Funny, heartwarming and a little bit damp (though not, to the bizarre disappointment of one of my friends, actually flooded), Tom Hartwell’s Flood is the first outing for newly formed Paper Creatures – and it’s fair to say they’re off to a flying start.
Set in a remote rural town, Flood is the story of Adam, who’s having a really bad day. It’s the morning of his mum’s funeral, his house is flooded, and he’s just found out his sister and best friend are having a baby (not to mention driving a Skoda), and that his ex-girlfriend’s now dating a guy who used to stab people with protractors. Anyone could be forgiven for hitting the secret whisky in those circumstances; the only problem is that Adam, like his mum before him, has been doing a bit too much of that just lately…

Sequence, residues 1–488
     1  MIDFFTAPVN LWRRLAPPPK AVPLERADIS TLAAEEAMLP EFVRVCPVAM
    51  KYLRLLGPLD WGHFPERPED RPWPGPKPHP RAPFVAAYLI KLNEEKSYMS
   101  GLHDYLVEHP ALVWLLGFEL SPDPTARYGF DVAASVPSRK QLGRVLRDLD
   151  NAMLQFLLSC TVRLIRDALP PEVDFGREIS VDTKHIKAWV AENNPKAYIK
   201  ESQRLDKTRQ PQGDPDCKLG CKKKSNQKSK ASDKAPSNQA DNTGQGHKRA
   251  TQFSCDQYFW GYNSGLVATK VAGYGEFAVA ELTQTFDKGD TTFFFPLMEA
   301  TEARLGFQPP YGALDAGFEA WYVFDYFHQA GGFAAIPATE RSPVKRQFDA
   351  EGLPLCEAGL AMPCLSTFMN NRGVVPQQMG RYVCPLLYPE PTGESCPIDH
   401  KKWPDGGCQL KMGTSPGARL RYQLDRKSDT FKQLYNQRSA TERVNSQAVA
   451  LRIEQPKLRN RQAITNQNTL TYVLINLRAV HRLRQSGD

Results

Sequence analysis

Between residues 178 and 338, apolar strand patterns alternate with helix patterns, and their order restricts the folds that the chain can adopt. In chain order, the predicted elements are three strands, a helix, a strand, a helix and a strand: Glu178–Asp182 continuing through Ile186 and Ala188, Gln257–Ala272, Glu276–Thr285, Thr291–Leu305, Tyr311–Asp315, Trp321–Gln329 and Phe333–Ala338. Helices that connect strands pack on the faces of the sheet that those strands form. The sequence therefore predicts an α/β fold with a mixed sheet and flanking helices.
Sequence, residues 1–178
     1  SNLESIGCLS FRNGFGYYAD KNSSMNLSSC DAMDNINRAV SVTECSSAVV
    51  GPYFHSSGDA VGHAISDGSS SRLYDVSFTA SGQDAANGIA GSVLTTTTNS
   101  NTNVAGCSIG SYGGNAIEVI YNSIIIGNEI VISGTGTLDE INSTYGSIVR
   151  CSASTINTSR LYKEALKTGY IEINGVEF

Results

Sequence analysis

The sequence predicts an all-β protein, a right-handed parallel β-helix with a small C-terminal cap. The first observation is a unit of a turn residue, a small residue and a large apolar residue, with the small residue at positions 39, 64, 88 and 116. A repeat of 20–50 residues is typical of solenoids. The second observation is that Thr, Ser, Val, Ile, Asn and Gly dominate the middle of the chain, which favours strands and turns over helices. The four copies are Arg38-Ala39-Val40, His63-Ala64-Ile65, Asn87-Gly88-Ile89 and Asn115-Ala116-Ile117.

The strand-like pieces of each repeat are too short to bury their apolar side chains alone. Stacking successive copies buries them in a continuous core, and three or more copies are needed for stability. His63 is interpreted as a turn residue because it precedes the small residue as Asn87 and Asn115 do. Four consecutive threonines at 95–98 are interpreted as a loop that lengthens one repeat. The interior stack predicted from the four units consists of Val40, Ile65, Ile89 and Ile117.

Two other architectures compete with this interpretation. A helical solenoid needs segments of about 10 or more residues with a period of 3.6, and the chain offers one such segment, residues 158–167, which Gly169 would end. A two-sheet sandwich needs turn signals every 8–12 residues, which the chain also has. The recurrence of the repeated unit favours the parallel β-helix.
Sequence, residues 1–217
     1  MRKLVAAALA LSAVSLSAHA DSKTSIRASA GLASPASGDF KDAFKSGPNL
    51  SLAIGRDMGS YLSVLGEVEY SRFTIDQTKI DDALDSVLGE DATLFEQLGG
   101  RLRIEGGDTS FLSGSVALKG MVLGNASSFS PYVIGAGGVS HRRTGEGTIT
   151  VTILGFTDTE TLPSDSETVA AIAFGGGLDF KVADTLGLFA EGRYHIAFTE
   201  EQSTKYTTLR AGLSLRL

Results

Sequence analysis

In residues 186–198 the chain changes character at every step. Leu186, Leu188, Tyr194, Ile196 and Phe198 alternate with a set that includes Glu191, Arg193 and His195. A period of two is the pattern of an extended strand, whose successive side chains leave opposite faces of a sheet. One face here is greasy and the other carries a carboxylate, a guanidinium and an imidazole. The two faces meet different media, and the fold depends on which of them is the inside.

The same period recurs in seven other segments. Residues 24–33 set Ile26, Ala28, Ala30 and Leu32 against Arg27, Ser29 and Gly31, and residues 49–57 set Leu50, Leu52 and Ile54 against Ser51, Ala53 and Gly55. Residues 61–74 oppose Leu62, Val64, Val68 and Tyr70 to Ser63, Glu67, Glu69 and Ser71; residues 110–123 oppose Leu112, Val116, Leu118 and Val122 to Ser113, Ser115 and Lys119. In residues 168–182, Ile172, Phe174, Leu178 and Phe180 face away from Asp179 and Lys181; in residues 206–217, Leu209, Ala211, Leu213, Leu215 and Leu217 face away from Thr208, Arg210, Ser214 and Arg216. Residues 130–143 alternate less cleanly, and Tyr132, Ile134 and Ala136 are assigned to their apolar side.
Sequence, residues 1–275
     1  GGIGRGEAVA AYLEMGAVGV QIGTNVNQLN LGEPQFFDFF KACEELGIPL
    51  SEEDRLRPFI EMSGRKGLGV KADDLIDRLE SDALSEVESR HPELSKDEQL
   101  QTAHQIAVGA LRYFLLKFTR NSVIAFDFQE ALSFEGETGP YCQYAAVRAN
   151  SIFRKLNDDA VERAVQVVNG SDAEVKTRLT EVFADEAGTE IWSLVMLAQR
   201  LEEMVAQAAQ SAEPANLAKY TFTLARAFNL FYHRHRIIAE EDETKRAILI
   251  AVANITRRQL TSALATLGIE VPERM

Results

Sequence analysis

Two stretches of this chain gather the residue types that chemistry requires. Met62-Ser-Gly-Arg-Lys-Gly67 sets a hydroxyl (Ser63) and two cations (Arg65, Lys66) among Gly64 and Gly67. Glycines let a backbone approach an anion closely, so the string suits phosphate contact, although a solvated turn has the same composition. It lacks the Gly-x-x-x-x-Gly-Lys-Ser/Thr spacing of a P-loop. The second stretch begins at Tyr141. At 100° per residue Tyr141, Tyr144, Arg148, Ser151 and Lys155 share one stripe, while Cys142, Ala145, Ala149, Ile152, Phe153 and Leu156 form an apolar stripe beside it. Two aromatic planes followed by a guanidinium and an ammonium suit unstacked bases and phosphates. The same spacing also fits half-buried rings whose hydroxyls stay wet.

Though this is a story about five characters and the various directions their lives have taken, Jon Tozzi’s Adam naturally takes centre stage as the one character who stayed at home, and now becomes the focal point for their return. Effortlessly charismatic, with a dry wit and an appealing vulnerability, it’s easy to root for him despite a frustrating refusal to address his various issues. Nathan Coenen and Emily Céline Thomson are perhaps the most relatable as Jess and Michael, a young couple taking their first clumsy steps into responsible adulthood, while Molly McGeachin makes a relatively brief but highly significant appearance as Adam’s ex Laura, who may have moved on physically, but has left a little of herself behind nonetheless. Finally, you get the feeling writer Tom Hartwell might be venting a few frustrations in his role as Ben, whose six-month stay in London has apparently converted him into a vegetarian, gluten-free, green tea drinker with a posh accent, but quickly reverts to type when he returns home.